Vegas specialises in overkill and excels in excess. It will not come as a big surprise that the glitziest city on planet earth also boasts some amazing technological marvels to boot. Ian Hardy has been looking into one of the brightest ideas this desert oasis has ever seen.
Welcome to a world of super sized animation, and high-resolution special effects. A one-of-a-kind screen that sits 90 feet above a street in Las Vegas.
Every night just after dark, on the hour every hour, the ceiling over the street is suddenly covered with a multitude of creations, from star ships to snakes.
Joseph Schillaci of Fremont Street Experience says: "The Fremont Street Experience canopy is 1,500 feet long, which is equal to about four soccer fields, and about 45 feet wide. It is the world's largest LED screen and is powered by 550,000 watts of concert-quality sound."
The $17 million Viva Vision screen was installed recently as an upgrade to the original 1995 screen, which was covered with incandescent bulbs.
The resolution dramatically increased and the electricity charges rapidly decreased, allowing for more shows.
Each digital video clip, which lasts only a few minutes, takes several months to produce.
Animation and live action sequences are controlled from a central control room full of supercomputers that between them share 9,600 gigabytes of storage space.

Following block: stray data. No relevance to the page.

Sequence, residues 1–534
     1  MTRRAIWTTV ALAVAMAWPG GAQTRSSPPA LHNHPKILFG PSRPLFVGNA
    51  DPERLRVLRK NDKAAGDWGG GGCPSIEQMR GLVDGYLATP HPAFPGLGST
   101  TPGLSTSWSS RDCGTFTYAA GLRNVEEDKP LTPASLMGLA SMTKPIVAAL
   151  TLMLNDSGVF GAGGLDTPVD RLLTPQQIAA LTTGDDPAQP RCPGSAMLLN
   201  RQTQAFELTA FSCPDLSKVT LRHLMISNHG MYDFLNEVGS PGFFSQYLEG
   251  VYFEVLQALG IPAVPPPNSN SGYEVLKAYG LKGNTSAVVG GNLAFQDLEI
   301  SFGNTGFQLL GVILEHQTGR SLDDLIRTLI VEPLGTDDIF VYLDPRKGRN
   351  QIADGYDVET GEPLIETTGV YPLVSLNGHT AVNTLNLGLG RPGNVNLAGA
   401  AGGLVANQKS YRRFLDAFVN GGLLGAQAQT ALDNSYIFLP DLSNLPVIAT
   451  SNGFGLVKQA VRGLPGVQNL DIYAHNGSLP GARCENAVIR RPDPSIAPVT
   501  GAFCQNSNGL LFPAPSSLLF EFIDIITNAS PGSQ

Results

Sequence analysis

Geoff Bickel of Technical Entertainment says: "For our visual display system we've got eight main HD players, we've got a lighting system that is currently running off two separate computer devices. Our audio system is comprised of at least four different computers."
The screen itself is a technical wonder.
It has 12.5 million red, blue, and green synchronized LED lamps that are constantly being replaced, and an image that runs at 60 frames per second. That is about double the number of frames from a typical TV set.
220 remote amplifier locations disperse the sound throughout the shopping area below.
With no other examples in the world, the screen was built from scratch by LG.
John Taylor of LG Electronics says: "These LEDs emit 16.7 million colours if you can believe it. So it's a tremendous palette on which these video artists are creating these wonderful shows."
Each digitally reproduced movie is specially made to take the perspective and curve of the surface into consideration.
In fact, a series of mini-movies are created and then joined up to fit seamlessly onto the extremely long screen.
Each segment goes through a multilayered encoding process and finally becomes a huge MPEG clip.
Ironically, one of the newest Las Vegas innovations is in the oldest part of the city.
Fremont Street was the original gambling centre, long before the glamorous Strip arrived, but it eventually succumbed to urban decay.
With the aid of technology, the site is now back on the tourist map.
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